Imágenes de página

A woman's friendship ever ends in love.
Think not these foolish tales my faith command ;
Did not I see thee press her snowy hand
O may her passion like thy friendship laft!
May she betray thee ere a day be past !
Hence then. Away. Thou 'rt hateful to my fight,
And thus I fpurn the fawning hypocrite.

[Exit Lycidas.

[blocks in formation]

Was ever grief like mine! O wretched maid !
My friendship wrong'd! my constant love betray'd ?
Misfortune haunts my steps where'er łgo,
And all my days are overcast with woe.
Long have I strove th’increasing load to bear,
Now faints my soul, and sinks into despair.
O lead me to the hanging mountain's cell,
In whose brown cliffs the fowls of darkness dwell;
Where waters, trickling down the rifted wall,
Shall full my sorrows with the tinkling fall.
There seek thy grave. How canst thou lear the light,
When banish'd ever from Evander's fighti


[ocr errors][merged small][merged small]

Why hangs a cloud of grief upon thy brows?
Does the proud nymph accept Evander's vows?


Can I bear life with these new pangs opprest!
Again he tears me from his faithless breast :
A perjur'd Lover first he fought these plains,
And now my friendship like my love disdains.
As I new offers to Parthenia made,
Conceal'd he stood behind the woodbine shade.
He says, my treacherous tongue his heart betray'd,
That my false fpeeches have mis-led the maid;
With groundless fear he thus his foul deceives ;
What frenzy dictates, jealousy believes.

Resign thy.crook, put off this manly vest,
And let the wrong'd Dione stand confest ;
When he shall learn what sorrows thou hast born,
And find that nought relents Parthenia's scorn,
Sure he will pity thee.


No, Laura, no. Should I, alas ! the sylvan dress forego,


Then might he think that I her pride foment,
That injur'd love instru&s me to resent;
Our secret enterprize might fatal prove :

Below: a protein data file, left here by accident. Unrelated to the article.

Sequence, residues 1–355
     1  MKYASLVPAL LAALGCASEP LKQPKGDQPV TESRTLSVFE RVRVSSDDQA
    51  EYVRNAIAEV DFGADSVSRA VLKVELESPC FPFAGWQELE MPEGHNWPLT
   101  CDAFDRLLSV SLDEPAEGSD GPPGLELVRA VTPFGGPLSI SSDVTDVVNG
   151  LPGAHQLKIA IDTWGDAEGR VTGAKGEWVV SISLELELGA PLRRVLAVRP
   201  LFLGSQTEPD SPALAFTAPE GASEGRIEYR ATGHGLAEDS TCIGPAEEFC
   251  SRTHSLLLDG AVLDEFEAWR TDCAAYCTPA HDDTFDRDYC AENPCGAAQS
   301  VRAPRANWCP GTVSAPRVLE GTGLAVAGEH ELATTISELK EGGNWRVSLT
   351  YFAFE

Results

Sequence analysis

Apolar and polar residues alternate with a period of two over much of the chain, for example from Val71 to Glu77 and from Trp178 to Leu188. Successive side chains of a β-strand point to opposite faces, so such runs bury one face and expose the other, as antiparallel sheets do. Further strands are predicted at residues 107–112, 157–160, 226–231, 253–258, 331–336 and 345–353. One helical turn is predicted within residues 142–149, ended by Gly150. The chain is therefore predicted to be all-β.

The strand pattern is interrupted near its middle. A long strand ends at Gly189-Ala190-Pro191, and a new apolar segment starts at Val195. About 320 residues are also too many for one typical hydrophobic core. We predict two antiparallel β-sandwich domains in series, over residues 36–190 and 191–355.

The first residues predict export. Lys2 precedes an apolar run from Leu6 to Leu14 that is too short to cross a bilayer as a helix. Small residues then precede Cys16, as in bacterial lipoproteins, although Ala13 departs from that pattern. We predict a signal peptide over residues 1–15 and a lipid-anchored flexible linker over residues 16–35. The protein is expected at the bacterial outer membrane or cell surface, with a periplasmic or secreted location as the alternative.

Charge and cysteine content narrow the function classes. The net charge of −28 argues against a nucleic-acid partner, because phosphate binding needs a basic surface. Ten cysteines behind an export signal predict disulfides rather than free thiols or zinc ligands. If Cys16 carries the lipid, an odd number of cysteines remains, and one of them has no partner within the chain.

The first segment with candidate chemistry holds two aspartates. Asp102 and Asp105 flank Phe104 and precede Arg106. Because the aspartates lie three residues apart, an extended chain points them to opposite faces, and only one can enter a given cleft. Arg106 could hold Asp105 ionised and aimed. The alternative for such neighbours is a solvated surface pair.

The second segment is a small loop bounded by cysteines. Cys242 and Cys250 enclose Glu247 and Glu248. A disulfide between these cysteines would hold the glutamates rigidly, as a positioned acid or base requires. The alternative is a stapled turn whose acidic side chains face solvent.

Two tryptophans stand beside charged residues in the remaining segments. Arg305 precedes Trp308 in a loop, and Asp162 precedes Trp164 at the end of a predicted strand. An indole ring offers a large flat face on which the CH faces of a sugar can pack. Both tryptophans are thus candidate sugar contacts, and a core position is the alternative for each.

Man flies the plague of persecuting love.


Avoid Parthenia; left his rage grow warın,
And jealousy resolve some fatal karm.

O Laura, if thou chance the youth to find,
Tell him what torments vex my anxious mind;
Should I once more his awful presence seek,
The filent tears would bathe my glowing cheek ;
By rifing fighs my faultering voice be stay'd,
And trembling fear too soon confess the maid.
Hafte, Laura, then; his vengeful foul affuage,
Tell him, I'm guiltless; cool his blinded rage ;
Tell him that truth fincere my friendfhip brought,
Let him not cherish one suspicious thought.
Then, to convince him his distrust was vaie,
I'll never, never see that nymph again,
This way be went.


-See, at the call of night,
The star of evening sheds his silver light
High o'er yon western hill: the cooling gales
Fresh odours breathe along the winding dales ;
Far froin their home as yet our shepherds stray,
To close with chearful walk the sultry day.



Methinks from far I hear the piping swain ;
Hark, in the breeze now fwells, now finks the strain!
Thither I'll seek him.


-While this length of glade
Shall lead me pensive through the sable shades
Where on the branches murmur rushing winds,
Grateful as falling floods to love-lick minds ;
O may this path to Death's dark vale descend !
There only can the wretched hope a friend.

(Ex. feverally.


[blocks in formation]

A Wood. DIONE, CLEANTHES (who lies wounded in a difiant

part of the fage).



HE moon serene now climbs th' aerial way;

See, at her sight ten thousand stars decay :
With trembling gleam fhe tips the filent grove,
While all beneath the chequer'd shadows move.
Turn back thy fulver axles, downward roll,
Darkness best fits the horrors of my soul.
Rilu, rise, ye clouds; the face of heaven deform,
Veil the bright Goddess in a sable storm :
O look not down upon a wretched maid !
Let thy bright torch the happy lover aid,
And light his wandering footsteps to the bower
Where the kind nymph attends th' appointed hour.
Yet thou hast seen unhappy love, like mine ;
Did not thy lainp in heaven's blue forehead shine,
When Thisbe fought her love along the glade :
Didst thou not then behold the gleaming blade,
And gild the fatal point that stabb'd her breast?
Soon I, like her, fall seek the realms of rest.
Let groves of mournful yew a wretch furround!
O footh my ear with melancholy found !


T 2

« AnteriorContinuar »